Ever wished you had a crystal ball to see what questions you’ll be asked at your next job interview? Alas, we don’t have one either. The good news, however, is that you can ace your next interview by preparing answers to our predicted most common questions hiring managers will ask in 2017.
Crafting responses in advance can also help you feel more prepared and relieve some of the pressure that comes with prepping for a job interview.
Ready to prepare? Here are five questions a hiring manager might ask about your CV—and pointers on how to answer them to make a great impression.
Most employers are looking to hire workers who are going to stay at the company long term. In fact, 56% of employers say that retention is a major concern for their company, according to Payscale.com’s 2017 Compensation Best Practices Report. Retention is a big concern especially when hiring entry-level workers, since millennials are the most likely generation to frequently switch jobs, a recent Gallup poll found.
Moreover, turnover costs can be substantial for companies: according to one Gallup survey, the replacement cost of an employee can be 150% of his or her annual salary or more. That’s as much as $150,000 or more for a worker with an annual salary of $100,000, which may explain why hiring managers are concerned when they see you’ve left a job shortly after starting it. Case in point: a 2014 CareerBuilder survey found that 43% of employers wouldn’t consider a candidate who’s had short tenures with several employers.
Thus, your goal when answering this question is to reassure the hiring manager that you’re looking for a long-term job; in other words, you need to convey that you’re not a job hopper.
Here are a couple good responses to choose from:
If you took a significant amount of time off from work (think six months or more), hiring managers are bound to ask you to explain why there’s a gap in your employment history. “If an employer sees an unexplained hole on your resume he may think, ‘This person’s hiding something’ or ‘This looks like someone who could have a problem’ such as laziness, substance abuse, or prison time,” says Susan Ireland, a San Francisco-based resume writer and career coach.
The best approach is to briefly explain why you left the job preceding the break. Transparency is crucial, so “be open and honest about your career breaks,” advises Andrew Fennell, a UK-based recruiter and CV writer. Some potential responses include:
Then, you’ll need to show the interviewer that you used the time off constructively, writes Italy-based business communication trainer Clare Whitmell. For example, if you did volunteer work, freelanced, or gained a certification or accreditation, make sure you mention it.
Assuming you have a skills section on your CV, you can expect a hiring manager to ask you about your greatest talents. To craft the most compelling response, focus on skills that are important to the job that you’re interviewing for; for instance, if you’re applying for an accounting job, you’d highlight that you have good attention to detail. Presenting examples that show how you’ve demonstrated these skills in the past is also crucial.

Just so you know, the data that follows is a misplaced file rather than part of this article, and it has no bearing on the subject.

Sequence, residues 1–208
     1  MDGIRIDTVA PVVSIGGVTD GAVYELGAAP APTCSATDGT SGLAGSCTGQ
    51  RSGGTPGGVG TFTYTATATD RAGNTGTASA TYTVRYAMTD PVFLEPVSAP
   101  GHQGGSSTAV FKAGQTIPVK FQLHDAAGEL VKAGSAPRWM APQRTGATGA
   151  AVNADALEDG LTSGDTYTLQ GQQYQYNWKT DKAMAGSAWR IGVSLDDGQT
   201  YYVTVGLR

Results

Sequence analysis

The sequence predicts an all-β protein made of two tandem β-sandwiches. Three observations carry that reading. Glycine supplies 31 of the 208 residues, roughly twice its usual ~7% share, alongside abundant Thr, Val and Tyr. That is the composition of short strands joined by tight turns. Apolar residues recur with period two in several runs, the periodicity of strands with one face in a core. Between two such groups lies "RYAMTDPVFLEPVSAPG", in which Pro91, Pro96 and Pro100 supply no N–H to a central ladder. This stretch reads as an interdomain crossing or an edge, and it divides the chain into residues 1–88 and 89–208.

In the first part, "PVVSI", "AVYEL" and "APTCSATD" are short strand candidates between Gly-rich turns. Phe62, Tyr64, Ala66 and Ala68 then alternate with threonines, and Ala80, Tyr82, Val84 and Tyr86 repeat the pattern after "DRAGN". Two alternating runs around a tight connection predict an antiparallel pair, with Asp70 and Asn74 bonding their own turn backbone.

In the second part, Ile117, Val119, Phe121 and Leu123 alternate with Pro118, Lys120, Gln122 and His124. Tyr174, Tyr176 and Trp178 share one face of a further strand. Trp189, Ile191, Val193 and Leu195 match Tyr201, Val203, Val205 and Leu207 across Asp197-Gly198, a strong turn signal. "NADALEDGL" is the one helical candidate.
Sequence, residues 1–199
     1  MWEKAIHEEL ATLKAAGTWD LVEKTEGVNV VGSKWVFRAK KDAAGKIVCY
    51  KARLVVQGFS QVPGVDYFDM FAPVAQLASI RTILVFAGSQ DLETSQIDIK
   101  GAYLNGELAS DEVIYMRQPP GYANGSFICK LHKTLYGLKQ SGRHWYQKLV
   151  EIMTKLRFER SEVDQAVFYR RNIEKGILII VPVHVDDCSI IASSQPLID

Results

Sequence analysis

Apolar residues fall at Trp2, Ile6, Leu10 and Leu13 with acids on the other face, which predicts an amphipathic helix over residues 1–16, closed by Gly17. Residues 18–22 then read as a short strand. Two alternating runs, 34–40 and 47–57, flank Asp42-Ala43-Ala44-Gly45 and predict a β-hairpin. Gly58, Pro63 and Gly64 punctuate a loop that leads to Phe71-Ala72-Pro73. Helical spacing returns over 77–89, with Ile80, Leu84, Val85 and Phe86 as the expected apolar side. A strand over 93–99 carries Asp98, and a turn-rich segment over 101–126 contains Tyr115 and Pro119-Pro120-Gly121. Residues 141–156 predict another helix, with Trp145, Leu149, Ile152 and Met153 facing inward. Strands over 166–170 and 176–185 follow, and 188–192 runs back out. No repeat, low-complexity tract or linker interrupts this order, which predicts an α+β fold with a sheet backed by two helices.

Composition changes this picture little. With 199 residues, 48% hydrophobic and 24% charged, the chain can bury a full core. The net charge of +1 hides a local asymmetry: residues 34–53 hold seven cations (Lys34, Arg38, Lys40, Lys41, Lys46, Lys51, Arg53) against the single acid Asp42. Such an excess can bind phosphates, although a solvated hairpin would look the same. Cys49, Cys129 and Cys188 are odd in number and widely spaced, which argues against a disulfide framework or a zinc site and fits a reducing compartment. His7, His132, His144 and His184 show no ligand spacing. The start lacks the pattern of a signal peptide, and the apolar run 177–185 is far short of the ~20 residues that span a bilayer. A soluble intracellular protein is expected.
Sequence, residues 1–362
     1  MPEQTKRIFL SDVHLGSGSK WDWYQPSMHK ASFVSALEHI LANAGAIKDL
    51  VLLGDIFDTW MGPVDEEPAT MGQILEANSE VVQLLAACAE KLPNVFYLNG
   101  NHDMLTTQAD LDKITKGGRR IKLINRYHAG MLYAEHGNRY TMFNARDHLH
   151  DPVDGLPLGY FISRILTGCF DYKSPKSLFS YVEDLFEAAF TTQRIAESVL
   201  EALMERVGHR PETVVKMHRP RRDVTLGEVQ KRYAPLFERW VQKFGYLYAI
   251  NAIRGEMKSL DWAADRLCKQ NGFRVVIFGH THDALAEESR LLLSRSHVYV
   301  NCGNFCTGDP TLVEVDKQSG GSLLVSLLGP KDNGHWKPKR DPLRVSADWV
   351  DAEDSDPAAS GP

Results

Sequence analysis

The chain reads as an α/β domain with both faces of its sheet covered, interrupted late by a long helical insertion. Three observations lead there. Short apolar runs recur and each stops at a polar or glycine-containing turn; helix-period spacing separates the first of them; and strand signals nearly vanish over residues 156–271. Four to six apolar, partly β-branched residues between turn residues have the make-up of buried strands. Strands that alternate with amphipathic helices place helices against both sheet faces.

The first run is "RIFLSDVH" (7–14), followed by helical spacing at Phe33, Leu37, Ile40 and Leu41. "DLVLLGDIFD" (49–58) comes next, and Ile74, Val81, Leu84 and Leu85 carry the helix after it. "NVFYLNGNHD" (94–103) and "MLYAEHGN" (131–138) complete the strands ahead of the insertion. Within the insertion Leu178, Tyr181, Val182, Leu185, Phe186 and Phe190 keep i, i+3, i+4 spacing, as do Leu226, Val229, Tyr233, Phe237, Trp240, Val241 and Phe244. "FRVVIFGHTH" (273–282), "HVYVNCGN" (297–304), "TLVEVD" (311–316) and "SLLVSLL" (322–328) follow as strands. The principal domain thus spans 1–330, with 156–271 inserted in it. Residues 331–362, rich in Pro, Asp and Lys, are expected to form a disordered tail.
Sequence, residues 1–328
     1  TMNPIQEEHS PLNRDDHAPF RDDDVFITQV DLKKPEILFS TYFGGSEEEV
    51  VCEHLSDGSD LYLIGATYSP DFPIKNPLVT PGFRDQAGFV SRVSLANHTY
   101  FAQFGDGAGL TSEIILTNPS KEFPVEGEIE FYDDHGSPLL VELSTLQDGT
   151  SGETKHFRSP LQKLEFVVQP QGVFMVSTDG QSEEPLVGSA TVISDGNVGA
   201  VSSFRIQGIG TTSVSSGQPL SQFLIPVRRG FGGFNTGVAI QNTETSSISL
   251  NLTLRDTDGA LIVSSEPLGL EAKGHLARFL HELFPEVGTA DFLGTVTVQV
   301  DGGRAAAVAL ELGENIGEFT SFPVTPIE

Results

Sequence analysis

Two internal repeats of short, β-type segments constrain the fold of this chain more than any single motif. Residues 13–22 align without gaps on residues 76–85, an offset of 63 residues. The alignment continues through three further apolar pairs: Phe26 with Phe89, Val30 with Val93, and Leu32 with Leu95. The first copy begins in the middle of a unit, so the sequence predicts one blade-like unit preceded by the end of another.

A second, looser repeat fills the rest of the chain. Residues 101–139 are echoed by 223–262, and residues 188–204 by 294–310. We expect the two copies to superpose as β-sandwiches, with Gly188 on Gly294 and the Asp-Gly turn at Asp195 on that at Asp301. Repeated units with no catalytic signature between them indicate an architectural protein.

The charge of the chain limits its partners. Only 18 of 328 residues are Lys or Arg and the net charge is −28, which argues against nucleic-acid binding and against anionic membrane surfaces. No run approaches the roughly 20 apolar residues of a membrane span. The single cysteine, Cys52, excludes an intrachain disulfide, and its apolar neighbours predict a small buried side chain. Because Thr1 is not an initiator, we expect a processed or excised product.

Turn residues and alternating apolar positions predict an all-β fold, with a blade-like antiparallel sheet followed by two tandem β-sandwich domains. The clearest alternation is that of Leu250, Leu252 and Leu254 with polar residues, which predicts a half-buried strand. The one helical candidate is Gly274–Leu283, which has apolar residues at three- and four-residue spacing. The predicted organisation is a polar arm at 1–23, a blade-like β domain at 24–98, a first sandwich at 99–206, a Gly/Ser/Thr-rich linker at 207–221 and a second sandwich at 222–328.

A few good examples:
Employers are raising the bar for education requirements. Companies are hiring more college-educated workers for jobs that have been traditionally held by high school graduates, according to a recent CareerBuilder survey. The study also found that one in five employers are now targeting Master’s degree holders for positions previously held by those with four-year degrees—and a third of employers are even offering to send current employees back to school for an advanced degree.
Of course, the education requirements will depend on the job and will likely be spelled out in the job posting. However, hiring managers still try to dig deeper into the education information that appears on your resume—which means it’s your responsibility to describe valuable courses you took or audited (including online classes through a site like Coursera, Udemy, or EdX), academic clubs you participated in (and what skills you gained from them), or research that you conducted.
So, some smart responses include:
A lot of people change professions. But if you’re in the process of making a career change, employers will naturally be curious as to why you’re making the transition.
There are a few rules to follow when crafting your response. The first is to stay positive when describing why you want to leave your current field. The second is to explain why you’re a good fit for the job that you’re being interviewed for. And third: “don’t go into a lot of detail or an extended explanation,” says job search coach Susan P. Joyce.
Based on those guidelines, good answers include:
The bottom line: a strong resume that best represents your skills and experience will help you land a job interview, but to ace the interview you’ll need to prepare responses to these common interview questions.